A bog standard premise with aggressively unlikable leads, wilting dialogue, generic monster designs and flat pacing that takes nonsensical detours with the type of gusto most screenwriters tell you to use for concision. I haven't the faintest idea what this thing gets its glowing reputation for.
Edwards' calling card led to his more recent high profile gigs. Refreshing monster tale that concentrated more on personal relationships than carnage resulted in a film that had a greater resonance than expected. Leads are both quite good and keeping the monsters in the background was an inspired idea.
A lush and beautiful atmosphere, with two main characters that are virtually impossible to sympathize with. A scummy photographer and a strangely naive rich girl embark on a trip across an alien-infested Central America, basically. As beautiful as the film itself was, the characters definitely ruin a few key moments with their dreadfully monotone delivery. But, that being said, it was subtle and quite inventive.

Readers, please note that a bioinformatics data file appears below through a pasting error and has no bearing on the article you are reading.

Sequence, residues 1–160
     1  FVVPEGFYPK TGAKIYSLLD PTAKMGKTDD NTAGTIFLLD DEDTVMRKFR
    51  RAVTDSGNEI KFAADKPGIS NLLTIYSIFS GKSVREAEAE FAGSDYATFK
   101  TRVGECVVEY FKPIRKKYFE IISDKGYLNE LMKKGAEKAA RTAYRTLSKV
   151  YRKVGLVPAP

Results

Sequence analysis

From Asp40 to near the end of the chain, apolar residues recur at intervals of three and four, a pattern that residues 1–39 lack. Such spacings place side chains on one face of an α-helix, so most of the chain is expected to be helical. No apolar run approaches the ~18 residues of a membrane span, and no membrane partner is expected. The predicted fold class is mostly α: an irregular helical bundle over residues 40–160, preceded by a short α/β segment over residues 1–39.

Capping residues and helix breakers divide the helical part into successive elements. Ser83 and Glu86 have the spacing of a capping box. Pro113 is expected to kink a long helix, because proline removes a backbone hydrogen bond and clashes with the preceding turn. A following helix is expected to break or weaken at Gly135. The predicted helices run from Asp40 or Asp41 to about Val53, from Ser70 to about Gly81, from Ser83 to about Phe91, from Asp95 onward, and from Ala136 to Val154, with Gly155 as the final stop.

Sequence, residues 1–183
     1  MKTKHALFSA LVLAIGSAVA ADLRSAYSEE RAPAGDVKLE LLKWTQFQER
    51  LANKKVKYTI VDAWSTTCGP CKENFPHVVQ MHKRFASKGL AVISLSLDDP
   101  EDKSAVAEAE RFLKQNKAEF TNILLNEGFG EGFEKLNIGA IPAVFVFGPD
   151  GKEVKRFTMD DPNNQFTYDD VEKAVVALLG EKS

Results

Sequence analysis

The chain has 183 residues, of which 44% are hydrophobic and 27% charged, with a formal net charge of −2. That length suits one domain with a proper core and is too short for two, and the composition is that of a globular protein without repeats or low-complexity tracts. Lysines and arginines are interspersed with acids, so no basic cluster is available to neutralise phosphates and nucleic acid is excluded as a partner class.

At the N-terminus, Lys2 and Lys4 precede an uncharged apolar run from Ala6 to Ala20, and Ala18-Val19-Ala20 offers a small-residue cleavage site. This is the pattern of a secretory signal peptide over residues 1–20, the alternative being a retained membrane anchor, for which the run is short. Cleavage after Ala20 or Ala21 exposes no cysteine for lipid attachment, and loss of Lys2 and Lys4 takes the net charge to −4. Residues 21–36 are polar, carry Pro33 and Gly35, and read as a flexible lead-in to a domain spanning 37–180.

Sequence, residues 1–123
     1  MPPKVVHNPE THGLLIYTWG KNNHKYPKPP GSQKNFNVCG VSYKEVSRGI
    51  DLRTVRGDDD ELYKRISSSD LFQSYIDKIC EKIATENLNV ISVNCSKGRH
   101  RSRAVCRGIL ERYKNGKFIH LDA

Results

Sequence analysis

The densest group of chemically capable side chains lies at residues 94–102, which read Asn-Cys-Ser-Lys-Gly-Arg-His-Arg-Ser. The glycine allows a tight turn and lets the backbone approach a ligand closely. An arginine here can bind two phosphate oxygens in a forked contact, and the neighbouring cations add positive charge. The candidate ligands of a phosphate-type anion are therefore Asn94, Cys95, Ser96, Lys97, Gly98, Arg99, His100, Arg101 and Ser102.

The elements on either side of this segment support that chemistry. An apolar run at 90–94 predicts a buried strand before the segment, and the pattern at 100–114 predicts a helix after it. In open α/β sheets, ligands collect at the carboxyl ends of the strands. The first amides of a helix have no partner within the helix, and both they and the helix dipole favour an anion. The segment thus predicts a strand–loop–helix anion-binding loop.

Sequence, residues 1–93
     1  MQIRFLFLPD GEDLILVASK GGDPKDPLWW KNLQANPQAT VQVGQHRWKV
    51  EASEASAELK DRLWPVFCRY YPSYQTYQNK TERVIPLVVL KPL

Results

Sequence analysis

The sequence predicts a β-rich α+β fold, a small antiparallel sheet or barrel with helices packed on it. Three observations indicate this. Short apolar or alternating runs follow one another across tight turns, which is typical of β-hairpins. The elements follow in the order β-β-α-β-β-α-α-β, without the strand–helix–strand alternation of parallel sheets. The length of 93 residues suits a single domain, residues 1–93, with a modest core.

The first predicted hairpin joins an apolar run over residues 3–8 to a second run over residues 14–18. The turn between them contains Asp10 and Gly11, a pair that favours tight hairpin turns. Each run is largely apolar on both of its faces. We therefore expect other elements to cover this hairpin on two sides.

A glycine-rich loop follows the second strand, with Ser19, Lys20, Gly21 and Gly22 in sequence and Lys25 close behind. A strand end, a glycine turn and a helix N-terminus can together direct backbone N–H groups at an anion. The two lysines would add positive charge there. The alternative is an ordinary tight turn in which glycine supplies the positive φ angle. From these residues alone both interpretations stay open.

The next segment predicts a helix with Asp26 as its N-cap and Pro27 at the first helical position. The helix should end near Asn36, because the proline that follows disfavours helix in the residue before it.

If Cloverfield has a dull and disappointing slacker hipster sibling who thrives on vagueness and has a premature ejaculation problem, Monsters is that sibling. The most interesting (that word is a stretch) parts are the first 2 and the last 20 minutes. Everything inbetween was nonsensical and half-baked. In the end I had more of an appreciation for Cloverfield and was really in the mood for District 9.
I wanted to love this movie, but I didn't. It's more hype than anything else. Also, I don't believe for one second that this was made for 15K. 150 is a slightly more believable number. But even that, Errr.